It is clear that, given the current economic conditions, some employers may choose to either require their employees to pay higher premium and/or deductible costs, or to eliminate their sponsored health plans altogether, over the next few years. What is less clear, however, is the extent to which these decisions will be the result of “ObamaCare” as opposed to the general economic malaise.

Health Care Costs Have Significantly Increased in the Past Decade

The first fact that the critics and commentators do not take into account is the extent to which healthcare costs have increased for employers and employees over the past decade, which of course is prior to the enactment of health care reform. According to the Kaiser Family Foundation website, American workers now pay 47% more than they did in 2005 for the family health coverage they get through their employment, while wages have increased only 18% during the same period. Employers pay, on average, 20% more toward their employees’ health insurance than they did five years ago.
Looking back 10 years paints an even bleaker picture. The average health insurance premiums for employer-sponsored coverage rose during the period 1999-2009 from $5,791 annually to $13,375, a 131% increase. The average worker contribution during that same time frame rose by 128% ($1,543 to $3,515).
These statistics highlight a fundamental point: health care premiums have been increasing substantially for the past several years, and in the absence of health care reform, this trend was virtually certain to continue. The causes of these increases is beyond the scope of this article. It may be noted, however, that hospitals blame the profit motive of the insurance carriers; insurance carriers blame the medical decisions of physicians, and the hospitals’ efforts to recoup the cost of caring for the uninsured; and physicians blame the carriers and the hospitals.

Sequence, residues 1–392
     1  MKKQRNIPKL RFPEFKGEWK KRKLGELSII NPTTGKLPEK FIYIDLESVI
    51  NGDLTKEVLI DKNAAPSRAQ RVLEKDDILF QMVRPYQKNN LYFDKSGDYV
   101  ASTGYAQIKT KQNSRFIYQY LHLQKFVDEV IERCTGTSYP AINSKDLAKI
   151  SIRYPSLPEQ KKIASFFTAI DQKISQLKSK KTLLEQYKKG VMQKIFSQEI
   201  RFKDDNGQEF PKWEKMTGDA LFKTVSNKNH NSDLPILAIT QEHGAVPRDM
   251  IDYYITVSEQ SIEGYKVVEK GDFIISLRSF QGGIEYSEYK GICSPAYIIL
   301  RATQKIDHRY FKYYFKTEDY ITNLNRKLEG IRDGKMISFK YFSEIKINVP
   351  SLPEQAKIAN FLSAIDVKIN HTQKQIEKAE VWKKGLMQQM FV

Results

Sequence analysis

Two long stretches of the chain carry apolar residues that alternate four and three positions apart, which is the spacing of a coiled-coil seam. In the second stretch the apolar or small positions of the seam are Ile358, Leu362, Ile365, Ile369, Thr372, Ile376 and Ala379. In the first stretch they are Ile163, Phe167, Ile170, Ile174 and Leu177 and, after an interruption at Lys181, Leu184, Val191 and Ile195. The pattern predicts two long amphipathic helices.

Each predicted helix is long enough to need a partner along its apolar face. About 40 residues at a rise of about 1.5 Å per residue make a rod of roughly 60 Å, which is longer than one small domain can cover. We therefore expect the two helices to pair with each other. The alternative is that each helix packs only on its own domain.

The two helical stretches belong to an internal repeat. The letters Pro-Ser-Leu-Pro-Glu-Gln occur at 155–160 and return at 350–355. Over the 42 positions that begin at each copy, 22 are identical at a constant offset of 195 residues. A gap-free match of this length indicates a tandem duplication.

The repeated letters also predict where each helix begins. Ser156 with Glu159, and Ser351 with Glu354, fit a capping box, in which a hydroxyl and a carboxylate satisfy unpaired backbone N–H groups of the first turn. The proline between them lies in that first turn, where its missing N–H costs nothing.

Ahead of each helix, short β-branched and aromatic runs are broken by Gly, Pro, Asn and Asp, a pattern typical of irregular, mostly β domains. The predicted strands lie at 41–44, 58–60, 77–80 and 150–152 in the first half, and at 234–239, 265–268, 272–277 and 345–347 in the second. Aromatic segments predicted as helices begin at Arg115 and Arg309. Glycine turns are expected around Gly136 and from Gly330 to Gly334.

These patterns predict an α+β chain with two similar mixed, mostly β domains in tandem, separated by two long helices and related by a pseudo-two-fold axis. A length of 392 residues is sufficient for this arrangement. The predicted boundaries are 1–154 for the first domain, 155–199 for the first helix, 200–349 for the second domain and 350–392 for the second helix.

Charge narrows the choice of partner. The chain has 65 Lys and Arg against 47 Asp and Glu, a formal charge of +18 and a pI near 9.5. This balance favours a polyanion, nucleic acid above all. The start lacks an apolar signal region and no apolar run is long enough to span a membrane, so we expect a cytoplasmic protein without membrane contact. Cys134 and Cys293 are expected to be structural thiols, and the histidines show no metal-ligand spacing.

Employers Are Not Currently Required to Provide Insurance Coverage

In the post-WWII employment boom, employers were encouraged to offer health insurance instead of pay raises as means of attracting and keeping employees. At present, approximately 150 million workers and their families are covered by some form of employer provided health care. However, it is also true at present that employers are under no obligation either to institute or to maintain health insurance. While ERISA governs the establishment and maintenance of employer sponsored healthcare plans, nothing in ERISA mandates that employers must provide health insurance. There are a couple of exceptions, most notably Massachusetts’s universal coverage act, Rhode Island’s “large employer” exception, and San Francisco’s “Healthy San Francisco” program. However, the general rule is that employers are free to modify or eliminate health care plans as they see fit.